Western Theater – History, Concepts and Explanation


What is Western Theater?

Despite its great diversity of styles, forms, themes, and functions, Western theater today is rooted in a basic impulse to embody expression mimetically. Western theater is a social art based on the exploration of the cycles of nature, the progression from birth to death, and the forces that compel behavior.

The lack of documentary evidence makes it impossible to determine the exact beginning of Western theater, although it is believed to have evolved from religious rituals. It is difficult to decide when ritual became theater. However, important clues to the nature of theater in prehistory can be found by examining the many patterns of drama and ritual that exist today throughout the world.

With the possibility of dialogue between actor and chorus, complex themes and modes of storytelling could be developed. The Western theater of the early 20th century was so dominated by commercialism that some kind of revolt was to be expected. In 1909 an attempt was made to establish a European-style art theater in New York City with the opening of the New Theatre, but the building was so cavernous and unsuitable for experimental work that the enterprise collapsed after two seasons.

How does the Western Theatre develop?

Despite its great diversity of styles, forms, themes and functions, Western theater today is rooted in a basic impulse to embody expression mimetically. Western theater is a social art based on the exploration of the cycles of nature, the progression from birth to death, and the forces that compel behavior.

The achievements of realism in the late nineteenth century continued to resonate until the end of the twenty-first century, but the most influential innovations in early twentieth-century Western theater came from a vigorous reaction against realism. Just as the visual arts exploded in a chaos of experiments and revolts, spawning numerous styles, Western theater drew on a variety of sources to express the contradictions of the new era.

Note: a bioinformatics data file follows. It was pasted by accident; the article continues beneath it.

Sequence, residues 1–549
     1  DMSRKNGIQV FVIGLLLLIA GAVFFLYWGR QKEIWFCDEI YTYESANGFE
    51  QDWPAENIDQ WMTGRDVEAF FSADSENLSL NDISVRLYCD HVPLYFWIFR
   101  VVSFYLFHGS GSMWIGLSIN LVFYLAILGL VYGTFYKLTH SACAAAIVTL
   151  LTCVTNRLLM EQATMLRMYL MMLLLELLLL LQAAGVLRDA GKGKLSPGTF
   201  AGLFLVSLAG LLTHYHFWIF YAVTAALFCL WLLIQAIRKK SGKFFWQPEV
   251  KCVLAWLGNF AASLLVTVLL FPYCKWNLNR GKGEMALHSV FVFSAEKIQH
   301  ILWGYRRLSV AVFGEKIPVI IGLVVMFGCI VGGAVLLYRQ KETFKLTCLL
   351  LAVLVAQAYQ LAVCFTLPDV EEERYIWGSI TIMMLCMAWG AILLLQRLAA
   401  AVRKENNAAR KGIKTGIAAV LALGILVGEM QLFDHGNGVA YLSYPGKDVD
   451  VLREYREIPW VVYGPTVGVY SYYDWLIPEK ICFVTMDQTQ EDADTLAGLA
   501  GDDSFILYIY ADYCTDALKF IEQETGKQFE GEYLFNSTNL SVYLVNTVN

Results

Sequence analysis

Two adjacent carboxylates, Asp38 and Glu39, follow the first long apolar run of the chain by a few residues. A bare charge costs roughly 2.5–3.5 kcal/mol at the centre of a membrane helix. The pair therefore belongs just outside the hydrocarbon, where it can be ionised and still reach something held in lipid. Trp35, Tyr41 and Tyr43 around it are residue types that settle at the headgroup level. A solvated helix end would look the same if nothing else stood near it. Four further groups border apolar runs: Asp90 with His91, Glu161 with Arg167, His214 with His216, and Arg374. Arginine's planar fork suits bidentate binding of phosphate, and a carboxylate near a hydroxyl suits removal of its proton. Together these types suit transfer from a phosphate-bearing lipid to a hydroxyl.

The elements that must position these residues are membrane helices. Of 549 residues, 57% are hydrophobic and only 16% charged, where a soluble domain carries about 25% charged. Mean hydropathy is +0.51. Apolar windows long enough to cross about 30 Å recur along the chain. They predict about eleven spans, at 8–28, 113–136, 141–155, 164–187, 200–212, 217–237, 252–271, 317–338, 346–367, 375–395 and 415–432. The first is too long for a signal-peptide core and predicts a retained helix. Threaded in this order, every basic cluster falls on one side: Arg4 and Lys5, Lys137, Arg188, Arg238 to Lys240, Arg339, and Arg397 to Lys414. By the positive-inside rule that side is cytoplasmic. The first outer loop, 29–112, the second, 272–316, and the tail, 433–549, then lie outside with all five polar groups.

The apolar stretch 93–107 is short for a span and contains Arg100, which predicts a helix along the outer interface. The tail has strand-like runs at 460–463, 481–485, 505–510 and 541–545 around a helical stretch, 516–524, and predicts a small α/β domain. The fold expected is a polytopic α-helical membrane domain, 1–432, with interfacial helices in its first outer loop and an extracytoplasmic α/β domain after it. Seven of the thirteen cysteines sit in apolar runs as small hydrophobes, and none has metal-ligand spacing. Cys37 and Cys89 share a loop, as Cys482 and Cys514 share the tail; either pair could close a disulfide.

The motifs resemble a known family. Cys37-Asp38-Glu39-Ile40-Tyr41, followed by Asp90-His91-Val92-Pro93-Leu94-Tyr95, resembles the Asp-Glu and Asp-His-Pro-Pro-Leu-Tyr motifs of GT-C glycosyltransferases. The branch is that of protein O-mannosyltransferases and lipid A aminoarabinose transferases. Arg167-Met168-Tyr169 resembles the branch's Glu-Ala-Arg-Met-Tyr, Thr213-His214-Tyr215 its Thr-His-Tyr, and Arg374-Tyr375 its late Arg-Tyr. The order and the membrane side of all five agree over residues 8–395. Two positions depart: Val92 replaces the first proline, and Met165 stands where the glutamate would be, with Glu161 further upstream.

Thus, Western theater sought inspiration from machines and technology, Asian theater, symbolism, nihilism, Sigmund Freud’s psychoanalysis, and the shock of a world war that generated widespread disillusionment and alienation.

The results of this eclecticism were often anarchic and stimulating, so designers and directors were as influential as playwrights, although relatively little drama of lasting value was produced. Nevertheless, these experiments set the tone and broadened the theatrical vocabulary of all the innovations that followed in Western theater.

Types of Western Theater

Types of Western Theater

In Western theater religion has kept alive its affinity with dance, drumming, and the dramatic appearance of the gods, it has remained vital. Where drama has kept alive its quality of magical revelation, it has remained indispensable. These legacies have proven difficult to maintain in Western society, but they contain the heart of the expectations that people bring to both theater and religious ceremonies.

The ancient and persistent link between religion and drama can be seen as the result of factors that include the emergence of theater from religious ritual, performance from sacred myth and story, the quasi-priestly or shamanic characteristics of theatrical performers, and, conversely, the theatrical qualities of religious liturgies.

The beginnings of the revolt against realism were already hinted at before the end of the nineteenth century, sometimes in the works of realist writers themselves. Since naturalistic scenery had led to excessive cluttering of archaeologically authentic details on the stage, the reaction against naturalism in the Western theater favored simplicity, even austerity, but with a greater expressiveness that could convey the true spirit of a play rather than providing a mere superficial addition.

One of the earliest advocates of Western theater and its style was the Swiss designer Adolphe Appia, who used the latest technology and exploited the possibilities of electric lighting to suggest a completely new direction in scenography. Appia believed that the stage should serve to focus attention on the actor, not drown him in two-dimensional pictorial detail. He believed that the imaginative use of light in a few well-chosen forms-simple platforms, staircases, and the like-was sufficient to convey the changing mood of a play in this theater.

Legacy of this Theater 

Once the Western theater was moved out of the church, the production of the plays was gradually taken over by the laity, and performances were given entirely in the vernacular. The number of short plays proliferated until they were organized into great cycles covering the entire biblical story from creation to the final judgment, though centered on the passion and designed to express both the humanity and divinity of Christ. These stagings of the passion and death of Christ during Holy Week exist to this day in Western theater.

Another legacy of Western theater is the development of the morality play, which was based on the legacy of the minstrelsy, the interludes that were performed in Europe by small companies of professional actors during the 15th and 16th centuries. They then went on to be staged in Western theater, the term encompassing a wide variety of entertainments, from simple farces performed on small stages in public places to dramatic sketches performed at banquets in the salons of the nobility. In both cases, the plays are purely secular and were more concerned with ideas than with morals.